In this regard, the Board notes that correspondence that was sent to the Veteran has been returned as undeliverable.  However, that correspondence used a street address, whereas the most recent correspondence has been sent to a P.O. Box and has not been returned.  Thus, it appears that some correspondence may have been sent to an older mailing address.  Without a copy of a notice letter notifying the Veteran of the scheduled VA examination, it is unclear as to whether it was sent to the correct mailing address.  Therefore, the Board finds that a remand is necessary in this case.

Accordingly, the case is REMANDED for the following action:

(Please note, this appeal has been advanced on the Board's docket pursuant to 38 C.F.R. § 20.900(c).  Expedited handling is requested.)

1.  The AOJ should take appropriate steps to verify the appellant's current mailing address, to include contacting his representative or any other appropriate entity.  (VACOLS and recent letters list a P.O. Box, whereas the previously returned correspondence used a street address).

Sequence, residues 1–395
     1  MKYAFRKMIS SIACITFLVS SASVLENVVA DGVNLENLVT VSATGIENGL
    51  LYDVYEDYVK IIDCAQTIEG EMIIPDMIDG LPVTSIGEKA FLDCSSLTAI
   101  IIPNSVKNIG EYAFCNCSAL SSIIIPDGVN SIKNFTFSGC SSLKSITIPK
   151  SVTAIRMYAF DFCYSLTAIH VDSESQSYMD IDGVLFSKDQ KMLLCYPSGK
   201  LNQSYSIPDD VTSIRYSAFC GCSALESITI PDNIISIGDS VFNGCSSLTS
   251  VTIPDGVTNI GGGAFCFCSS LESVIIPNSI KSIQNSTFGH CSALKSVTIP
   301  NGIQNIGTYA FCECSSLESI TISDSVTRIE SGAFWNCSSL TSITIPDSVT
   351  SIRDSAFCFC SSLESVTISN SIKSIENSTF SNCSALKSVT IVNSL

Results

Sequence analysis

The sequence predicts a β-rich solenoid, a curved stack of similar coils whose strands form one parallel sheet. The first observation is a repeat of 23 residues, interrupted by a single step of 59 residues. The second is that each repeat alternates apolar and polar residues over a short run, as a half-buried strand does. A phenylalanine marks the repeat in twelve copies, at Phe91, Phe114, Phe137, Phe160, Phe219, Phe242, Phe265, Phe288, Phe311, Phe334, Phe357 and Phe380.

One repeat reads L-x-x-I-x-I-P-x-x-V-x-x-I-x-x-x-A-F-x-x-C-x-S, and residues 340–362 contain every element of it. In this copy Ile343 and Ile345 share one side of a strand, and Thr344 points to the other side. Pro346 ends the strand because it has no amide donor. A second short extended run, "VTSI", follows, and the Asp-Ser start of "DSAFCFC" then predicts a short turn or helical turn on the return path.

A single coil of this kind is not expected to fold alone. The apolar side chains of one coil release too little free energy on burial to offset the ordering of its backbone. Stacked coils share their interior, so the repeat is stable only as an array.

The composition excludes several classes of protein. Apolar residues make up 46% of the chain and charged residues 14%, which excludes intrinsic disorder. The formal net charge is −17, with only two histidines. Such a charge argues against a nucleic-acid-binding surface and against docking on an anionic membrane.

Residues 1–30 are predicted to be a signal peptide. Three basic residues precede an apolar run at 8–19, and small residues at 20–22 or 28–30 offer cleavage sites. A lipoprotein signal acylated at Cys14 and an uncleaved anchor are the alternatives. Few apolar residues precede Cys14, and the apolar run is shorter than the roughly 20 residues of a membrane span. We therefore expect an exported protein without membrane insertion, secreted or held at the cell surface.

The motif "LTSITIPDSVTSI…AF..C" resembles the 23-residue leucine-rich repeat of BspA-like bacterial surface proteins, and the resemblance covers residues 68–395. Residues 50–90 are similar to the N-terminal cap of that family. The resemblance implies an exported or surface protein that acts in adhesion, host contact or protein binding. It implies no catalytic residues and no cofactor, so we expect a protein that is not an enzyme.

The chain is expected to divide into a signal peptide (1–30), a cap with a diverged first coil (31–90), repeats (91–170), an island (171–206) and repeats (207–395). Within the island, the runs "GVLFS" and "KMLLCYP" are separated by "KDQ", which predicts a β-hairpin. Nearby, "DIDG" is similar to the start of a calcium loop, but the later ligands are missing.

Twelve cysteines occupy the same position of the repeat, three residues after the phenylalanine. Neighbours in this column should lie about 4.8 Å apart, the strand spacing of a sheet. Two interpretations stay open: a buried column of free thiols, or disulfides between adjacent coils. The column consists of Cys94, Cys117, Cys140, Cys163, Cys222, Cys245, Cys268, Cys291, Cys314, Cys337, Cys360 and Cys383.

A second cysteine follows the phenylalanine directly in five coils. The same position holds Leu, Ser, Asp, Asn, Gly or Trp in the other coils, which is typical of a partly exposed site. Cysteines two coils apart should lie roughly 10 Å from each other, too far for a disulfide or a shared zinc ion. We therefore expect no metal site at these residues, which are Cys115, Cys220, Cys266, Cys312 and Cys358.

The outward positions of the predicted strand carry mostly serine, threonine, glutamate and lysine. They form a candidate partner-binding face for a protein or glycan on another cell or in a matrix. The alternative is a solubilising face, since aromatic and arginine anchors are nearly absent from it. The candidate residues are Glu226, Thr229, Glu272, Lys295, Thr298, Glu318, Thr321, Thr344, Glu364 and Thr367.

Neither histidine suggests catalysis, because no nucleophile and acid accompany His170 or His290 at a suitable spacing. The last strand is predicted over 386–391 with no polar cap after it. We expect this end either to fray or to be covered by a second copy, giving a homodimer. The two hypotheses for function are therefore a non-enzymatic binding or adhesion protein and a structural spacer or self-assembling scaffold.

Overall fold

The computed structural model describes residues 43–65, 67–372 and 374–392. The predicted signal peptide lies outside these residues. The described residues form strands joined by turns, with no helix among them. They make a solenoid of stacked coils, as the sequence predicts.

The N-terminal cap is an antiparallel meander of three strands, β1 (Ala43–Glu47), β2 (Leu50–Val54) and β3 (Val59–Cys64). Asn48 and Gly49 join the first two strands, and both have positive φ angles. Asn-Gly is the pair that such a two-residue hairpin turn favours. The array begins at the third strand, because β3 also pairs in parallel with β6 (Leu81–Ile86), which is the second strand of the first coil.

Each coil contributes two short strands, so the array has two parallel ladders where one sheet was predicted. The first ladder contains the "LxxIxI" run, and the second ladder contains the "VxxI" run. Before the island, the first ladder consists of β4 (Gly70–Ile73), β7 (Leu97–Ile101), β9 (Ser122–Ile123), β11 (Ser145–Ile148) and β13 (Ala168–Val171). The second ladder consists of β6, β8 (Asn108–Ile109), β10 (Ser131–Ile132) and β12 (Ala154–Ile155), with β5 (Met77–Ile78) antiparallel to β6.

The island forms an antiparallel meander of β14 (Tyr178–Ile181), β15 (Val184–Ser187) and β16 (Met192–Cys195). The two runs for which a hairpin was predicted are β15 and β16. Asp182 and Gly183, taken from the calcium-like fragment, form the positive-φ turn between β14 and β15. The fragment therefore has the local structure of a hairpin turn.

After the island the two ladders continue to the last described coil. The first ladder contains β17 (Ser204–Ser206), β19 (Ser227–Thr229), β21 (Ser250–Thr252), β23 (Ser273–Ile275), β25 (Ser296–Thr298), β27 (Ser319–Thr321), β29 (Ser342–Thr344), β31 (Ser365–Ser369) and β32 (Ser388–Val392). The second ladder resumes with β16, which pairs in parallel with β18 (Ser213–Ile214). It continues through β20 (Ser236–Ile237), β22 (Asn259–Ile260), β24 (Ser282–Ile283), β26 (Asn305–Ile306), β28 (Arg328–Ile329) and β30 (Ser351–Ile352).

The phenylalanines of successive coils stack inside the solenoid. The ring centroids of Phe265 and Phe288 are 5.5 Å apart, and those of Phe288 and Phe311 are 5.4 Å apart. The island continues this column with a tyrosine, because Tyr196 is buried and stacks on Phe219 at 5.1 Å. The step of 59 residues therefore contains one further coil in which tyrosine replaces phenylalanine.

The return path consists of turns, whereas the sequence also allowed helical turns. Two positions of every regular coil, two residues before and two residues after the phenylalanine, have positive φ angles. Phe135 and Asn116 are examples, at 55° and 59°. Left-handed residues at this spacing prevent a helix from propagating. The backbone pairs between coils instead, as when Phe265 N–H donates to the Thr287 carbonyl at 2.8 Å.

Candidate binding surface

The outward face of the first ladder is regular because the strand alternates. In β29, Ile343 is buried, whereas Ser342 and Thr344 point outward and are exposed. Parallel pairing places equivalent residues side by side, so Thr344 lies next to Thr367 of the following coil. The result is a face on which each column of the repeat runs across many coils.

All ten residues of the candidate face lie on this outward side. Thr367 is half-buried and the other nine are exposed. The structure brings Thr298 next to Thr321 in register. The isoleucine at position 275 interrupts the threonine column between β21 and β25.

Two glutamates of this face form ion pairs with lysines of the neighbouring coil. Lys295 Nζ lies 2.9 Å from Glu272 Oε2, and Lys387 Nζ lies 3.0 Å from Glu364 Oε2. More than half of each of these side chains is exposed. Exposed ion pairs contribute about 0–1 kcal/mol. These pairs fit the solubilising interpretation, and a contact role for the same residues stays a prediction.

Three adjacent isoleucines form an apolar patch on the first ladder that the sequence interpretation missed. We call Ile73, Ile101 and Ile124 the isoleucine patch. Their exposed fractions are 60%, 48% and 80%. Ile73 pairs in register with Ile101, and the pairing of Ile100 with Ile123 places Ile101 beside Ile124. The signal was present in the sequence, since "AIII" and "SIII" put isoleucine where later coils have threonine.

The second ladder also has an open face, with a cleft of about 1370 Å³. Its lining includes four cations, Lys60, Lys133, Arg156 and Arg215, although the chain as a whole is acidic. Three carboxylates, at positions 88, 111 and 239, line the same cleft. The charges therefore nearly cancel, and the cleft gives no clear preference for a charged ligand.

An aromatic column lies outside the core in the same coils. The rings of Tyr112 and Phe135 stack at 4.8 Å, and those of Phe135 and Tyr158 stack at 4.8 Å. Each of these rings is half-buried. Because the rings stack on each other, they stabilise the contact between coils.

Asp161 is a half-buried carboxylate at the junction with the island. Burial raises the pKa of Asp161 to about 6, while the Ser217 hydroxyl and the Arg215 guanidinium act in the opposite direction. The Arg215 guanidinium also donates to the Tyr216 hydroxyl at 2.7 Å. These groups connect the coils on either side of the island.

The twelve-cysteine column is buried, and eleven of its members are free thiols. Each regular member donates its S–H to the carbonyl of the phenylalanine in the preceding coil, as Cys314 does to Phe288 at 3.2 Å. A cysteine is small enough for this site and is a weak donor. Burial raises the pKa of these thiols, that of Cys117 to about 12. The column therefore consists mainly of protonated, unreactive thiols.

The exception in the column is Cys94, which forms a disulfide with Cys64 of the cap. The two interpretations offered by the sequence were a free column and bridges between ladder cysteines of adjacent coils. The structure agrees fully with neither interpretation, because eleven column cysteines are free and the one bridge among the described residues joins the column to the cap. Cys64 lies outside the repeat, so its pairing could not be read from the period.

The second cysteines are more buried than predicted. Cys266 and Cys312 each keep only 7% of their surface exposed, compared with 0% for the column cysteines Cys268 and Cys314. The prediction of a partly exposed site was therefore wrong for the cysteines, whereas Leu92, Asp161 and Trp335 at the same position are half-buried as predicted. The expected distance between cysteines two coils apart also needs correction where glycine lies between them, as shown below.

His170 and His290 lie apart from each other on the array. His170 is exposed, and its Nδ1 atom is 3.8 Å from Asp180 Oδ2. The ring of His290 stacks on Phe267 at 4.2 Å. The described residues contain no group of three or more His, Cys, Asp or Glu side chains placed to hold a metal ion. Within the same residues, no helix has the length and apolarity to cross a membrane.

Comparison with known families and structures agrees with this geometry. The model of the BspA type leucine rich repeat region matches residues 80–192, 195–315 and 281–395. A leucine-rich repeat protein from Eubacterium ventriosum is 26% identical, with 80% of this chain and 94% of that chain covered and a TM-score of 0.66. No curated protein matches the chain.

2.  After the Veteran's address is verified, the AOJ should mail a copy of the April 2017 SSOC and April 2017 rating decision to him.

3.  Thereafter, the AOJ should request the Veteran provide the names and addresses of any and all healthcare providers who have provided treatment for his PTSD.  After acquiring this information and obtaining any necessary authorization, the AOJ should obtain and associate the records with the claims file.

The AOJ should also secure any outstanding VA medical records.

4.  After completing the foregoing development, the Veteran should be afforded a VA examination to ascertain the current severity and manifestations of his service-connected PTSD.  Any and all studies, tests, and evaluations deemed necessary by the examiner should be performed.  The examiner is requested to review all pertinent records associated with the claims file, including any treatment records and assertions.

It should be noted that the Veteran is competent to attest to matters of which he has first-hand knowledge, including observable symptomatology.  If there is a clinical basis to support or doubt the history provided by the Veteran, the examiner should provide a fully reasoned explanation.

The examiner should report all signs and symptoms necessary for rating the Veteran's disability under the General Rating Formula for Mental Disorders.  The findings of the examiner should address the level of social and occupational impairment attributable to the Veteran's PTSD.